MEDINA — Jerry Springer, longtime TV talk-show host and one time Cincinnati mayor, told Medina County Democrats on Saturday that he still hasn’t decided whether to run for governor in 2018.
However, he said, if he were elected governor, he would create a statewide health care system featuring small neighborhood clinics funded largely by corporate donations.
Also on Saturday, Springer dipped his toe into the national political discussion, criticizing President Donald Trump and Republicans who support him.
“America is under attack,” said Springer, 73. “And it’s not just by terrorists, and it’s not just by the Russians, and it’s not just cyberattacks.
“But for the first time in my lifetime, and for the first time in at least 150 years, we’re under attack by our own government, by our own White House,” Springer said. “And that may be the most sinister attack of all.”
Springer spoke at the Medina County Democratic Party’s annual Jefferson-Jackson Dinner and Silent Auction fundraiser at Williams on the Lake on Lafayette Road. About 70 people attended.
State of indecision
In a news conference immediately before his talk, Springer told reporters he’s not sure when he will make up his mind about a gubernatorial run. He has considered it for months.
“I’m not trying to be cute,” Springer said. “I’m really trying to decide. There’s pressure for me to do it.”
That pressure is coming from Ohio Democrats who aren’t entirely confident in those who already have announced their candidacies. Those candidates include former U.S. Rep. Betty Sutton, former state Rep. Connie Pillich, former state Senate Minority Leader Joe Schiavoni and Dayton Mayor Nan Whaley.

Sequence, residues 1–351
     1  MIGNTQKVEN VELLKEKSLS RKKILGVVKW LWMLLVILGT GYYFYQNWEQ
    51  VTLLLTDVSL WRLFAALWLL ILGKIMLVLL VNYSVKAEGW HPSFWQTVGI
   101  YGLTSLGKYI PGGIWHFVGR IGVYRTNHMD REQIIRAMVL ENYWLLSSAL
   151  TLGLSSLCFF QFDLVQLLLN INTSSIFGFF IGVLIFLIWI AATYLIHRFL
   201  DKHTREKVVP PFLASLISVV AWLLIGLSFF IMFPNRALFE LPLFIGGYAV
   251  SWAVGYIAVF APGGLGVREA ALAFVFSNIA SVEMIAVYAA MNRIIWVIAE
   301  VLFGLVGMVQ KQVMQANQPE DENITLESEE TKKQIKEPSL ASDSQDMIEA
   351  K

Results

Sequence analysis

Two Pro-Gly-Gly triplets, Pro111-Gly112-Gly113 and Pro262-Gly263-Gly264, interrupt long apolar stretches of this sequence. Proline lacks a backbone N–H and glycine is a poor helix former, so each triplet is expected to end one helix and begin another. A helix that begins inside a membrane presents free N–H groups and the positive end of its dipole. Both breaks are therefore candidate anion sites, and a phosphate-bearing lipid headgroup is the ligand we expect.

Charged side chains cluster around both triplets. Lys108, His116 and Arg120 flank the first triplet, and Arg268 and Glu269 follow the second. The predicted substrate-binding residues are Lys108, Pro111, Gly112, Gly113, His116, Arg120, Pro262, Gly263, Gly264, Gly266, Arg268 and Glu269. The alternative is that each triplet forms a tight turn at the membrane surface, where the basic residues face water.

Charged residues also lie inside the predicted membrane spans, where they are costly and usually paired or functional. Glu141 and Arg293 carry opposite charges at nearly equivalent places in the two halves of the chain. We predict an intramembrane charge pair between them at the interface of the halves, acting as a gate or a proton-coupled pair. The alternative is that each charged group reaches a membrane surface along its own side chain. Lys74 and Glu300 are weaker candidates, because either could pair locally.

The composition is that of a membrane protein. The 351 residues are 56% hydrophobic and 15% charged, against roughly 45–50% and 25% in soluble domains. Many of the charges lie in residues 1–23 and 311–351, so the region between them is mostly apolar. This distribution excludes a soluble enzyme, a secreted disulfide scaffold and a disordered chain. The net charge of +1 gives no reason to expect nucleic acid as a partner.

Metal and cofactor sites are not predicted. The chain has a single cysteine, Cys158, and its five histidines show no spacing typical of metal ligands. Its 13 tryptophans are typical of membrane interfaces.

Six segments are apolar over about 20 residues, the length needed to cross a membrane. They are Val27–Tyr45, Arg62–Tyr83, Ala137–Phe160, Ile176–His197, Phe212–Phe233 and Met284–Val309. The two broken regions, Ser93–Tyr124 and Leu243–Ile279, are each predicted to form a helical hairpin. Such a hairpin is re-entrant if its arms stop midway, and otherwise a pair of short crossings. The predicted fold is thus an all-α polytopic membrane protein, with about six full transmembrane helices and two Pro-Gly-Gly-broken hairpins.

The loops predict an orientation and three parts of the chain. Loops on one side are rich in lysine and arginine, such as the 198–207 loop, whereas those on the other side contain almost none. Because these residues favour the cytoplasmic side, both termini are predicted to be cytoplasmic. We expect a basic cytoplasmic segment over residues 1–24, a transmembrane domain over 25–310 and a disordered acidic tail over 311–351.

“You have very qualified candidates. Any one of them I can easily support,” Springer said. “The question is, ‘Does anyone have a real chance?’ We just don’t know that.”
On Oct. 23, Republican gubernatorial candidate Mike DeWine was in Medina, speaking to about 50 supporters at Amuse Euro Bistro on Public Square. Other GOP candidates seeking to succeed term-limited Republican Gov. John Kasich include Secretary of State Jon Husted, Lt. Gov. Mary Taylor and U.S. Rep. Jim Renacci from Wadsworth.
Springer acknowledged that Democrats asked him to run for governor largely because he — like Trump was before he sought the presidency — is a celebrity, and would bring name-recognition to the ballot.
However, Springer said that he, unlike Trump, has political experience. In addition to his time as Cincinnati mayor in the late 1970s, Springer has campaigned and raised money for Democratic candidates over the years.
Springer, dubbed the “king of trash TV” for his talk show, which routinely involves brawls among guests, said he must consider his talk-show employees, who would lose their jobs if he runs for governor. Also, Springer said he must determine if he wants to spend the last chapter of his life running for and possibly serving as governor, and whether he can assemble an effective campaign team and administration.
“It’s a big job,” Springer told reporters. “It’s a grown-up job.”